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Legacy systems preventing Financial Services retailers from embracing ‘Age of Personalization,’ study suggests

Failure to connect to data-driven devices and offer customers individual, personalized experiences could result in many banks and insurers falling behind

CAMBRIDGE, Mass. – February 29, 2016 – Nearly a quarter (24 percent) of global financial services organizations run the risk of falling behind competitors because legacy systems are preventing them from offering customers fully personalized services, according to research undertaken by Marketforce. The study was conducted on behalf of strategic business applications provider Pegasystems Inc. (NASDAQ: PEGA) and Cognizant, a leading provider of information technology, consulting, and business process outsourcing services.

The study surveyed 500 financial services and insurance industry executives, across 56 countries, to examine the challenges and opportunities they face due to rapid technological change. The study found that, while the majority of financial services retailers have plans to use data from connected and wearable devices to build detailed personal profiles of their customers and their behavior, nearly a quarter were unable to do so. Indeed, many of those without such plans cited the inability of existing legacy systems, such as customer segmentation tools, to use and interpret customer data as a barrier to offering fully personalized services, leaving them reliant on outdated customer segmentation tools instead of newer, cutting edge Customer Relationship Management solutions.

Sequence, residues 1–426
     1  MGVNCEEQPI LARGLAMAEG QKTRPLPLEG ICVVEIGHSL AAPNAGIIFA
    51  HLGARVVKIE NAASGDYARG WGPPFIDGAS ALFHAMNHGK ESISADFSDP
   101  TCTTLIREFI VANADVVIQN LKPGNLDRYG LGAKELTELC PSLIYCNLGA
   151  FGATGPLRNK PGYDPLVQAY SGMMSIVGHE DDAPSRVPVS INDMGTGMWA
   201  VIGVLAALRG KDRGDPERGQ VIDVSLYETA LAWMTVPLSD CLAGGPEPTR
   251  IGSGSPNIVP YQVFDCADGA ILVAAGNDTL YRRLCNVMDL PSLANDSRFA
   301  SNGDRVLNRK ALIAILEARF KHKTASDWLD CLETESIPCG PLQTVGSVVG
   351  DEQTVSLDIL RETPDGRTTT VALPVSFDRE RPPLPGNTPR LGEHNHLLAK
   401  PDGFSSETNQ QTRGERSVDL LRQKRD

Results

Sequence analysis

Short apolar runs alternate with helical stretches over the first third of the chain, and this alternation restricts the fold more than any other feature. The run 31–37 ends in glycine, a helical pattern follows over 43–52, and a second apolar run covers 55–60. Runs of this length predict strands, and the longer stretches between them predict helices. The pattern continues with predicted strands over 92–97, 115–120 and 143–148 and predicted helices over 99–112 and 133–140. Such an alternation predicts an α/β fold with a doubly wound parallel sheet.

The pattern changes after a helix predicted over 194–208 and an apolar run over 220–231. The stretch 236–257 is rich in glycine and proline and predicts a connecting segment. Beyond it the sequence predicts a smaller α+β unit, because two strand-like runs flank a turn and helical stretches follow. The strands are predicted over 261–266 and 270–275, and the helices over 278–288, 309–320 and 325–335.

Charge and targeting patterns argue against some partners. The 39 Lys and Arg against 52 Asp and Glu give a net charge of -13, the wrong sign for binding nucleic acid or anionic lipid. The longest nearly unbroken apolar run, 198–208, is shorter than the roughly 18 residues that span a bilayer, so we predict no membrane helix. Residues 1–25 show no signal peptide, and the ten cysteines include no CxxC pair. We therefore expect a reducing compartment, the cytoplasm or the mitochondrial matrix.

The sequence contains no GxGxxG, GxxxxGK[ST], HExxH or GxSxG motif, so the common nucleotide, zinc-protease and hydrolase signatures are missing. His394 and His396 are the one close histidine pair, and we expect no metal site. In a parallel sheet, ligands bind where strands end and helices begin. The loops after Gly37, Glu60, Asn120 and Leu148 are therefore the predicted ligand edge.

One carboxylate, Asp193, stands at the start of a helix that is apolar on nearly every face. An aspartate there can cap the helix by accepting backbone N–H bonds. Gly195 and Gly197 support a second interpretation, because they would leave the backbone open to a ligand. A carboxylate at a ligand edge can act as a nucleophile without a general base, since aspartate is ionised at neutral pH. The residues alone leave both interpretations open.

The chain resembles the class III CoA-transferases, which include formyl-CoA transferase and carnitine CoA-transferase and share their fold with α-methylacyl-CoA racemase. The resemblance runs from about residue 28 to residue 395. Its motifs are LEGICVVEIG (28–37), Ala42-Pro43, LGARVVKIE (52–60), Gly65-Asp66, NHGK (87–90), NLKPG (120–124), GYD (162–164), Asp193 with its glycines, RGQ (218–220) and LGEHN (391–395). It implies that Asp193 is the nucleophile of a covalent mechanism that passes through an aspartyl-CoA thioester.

Data from newer, connected technologies, such as wearables, is playing an increasingly important role in enabling organizations to provide personalized offerings to customers, and the study showed that the number of retailers in the financial services sector intending to offer these products continues to grow. In fact, 38 percent of survey respondents expect to use data from wearable devices to personalize their offerings within two years, with 68 percent expecting to do the same within five years. Almost one quarter (22 percent) also said that they expect to use data from connected cars for the same purpose within two years, with 59 percent expecting to accomplish this within five years. Furthermore, 40 percent expect to use data from these devices to accurately predict the individual requirements of customers within just two years, with 83 percent expecting to achieve this goal within five years.

Despite this, almost one quarter (24 percent) of financial services retailers said they currently have no plans to offer customers full personalization, citing the inability of legacy systems to cope with these new data sources as the biggest obstacle. Of these respondents, 79 percent cited the lack of a single customer view as a barrier to offering full personalization to customers, while 85 percent cited the difficulty of processing very large data sets. Significantly, these respondents stated that the biggest obstacle to personalization was the lack of availability of sufficiently rich customer data, with 88 percent suggesting that their existing legacy systems are unable to connect to data flows from newer, connected devices.

Graham Lloyd, Director and Industry Principal of Financial Services at Pegasystems, said: “It’s never been more important for financial services organizations in the retail sector to understand customers, and personalize services to meet their needs. We live in an age where ‘Generation Selfie’ is king, and the expectations of customers across all sectors are increasingly influenced by the experiences they get from digital leaders such as Amazon and Netflix. For this reason, it’s critical that those in the financial services sector invest in technology that enables them to mine the rich seams of available data that can help them truly recognize their customers as individuals and personalize their customer journeys accordingly. Those that don’t could find themselves falling a long way behind.”

To download a copy of the Future of Retail Financial Services report, please visit:

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Lisa Pintchman
VP, Corporate Communications
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North America

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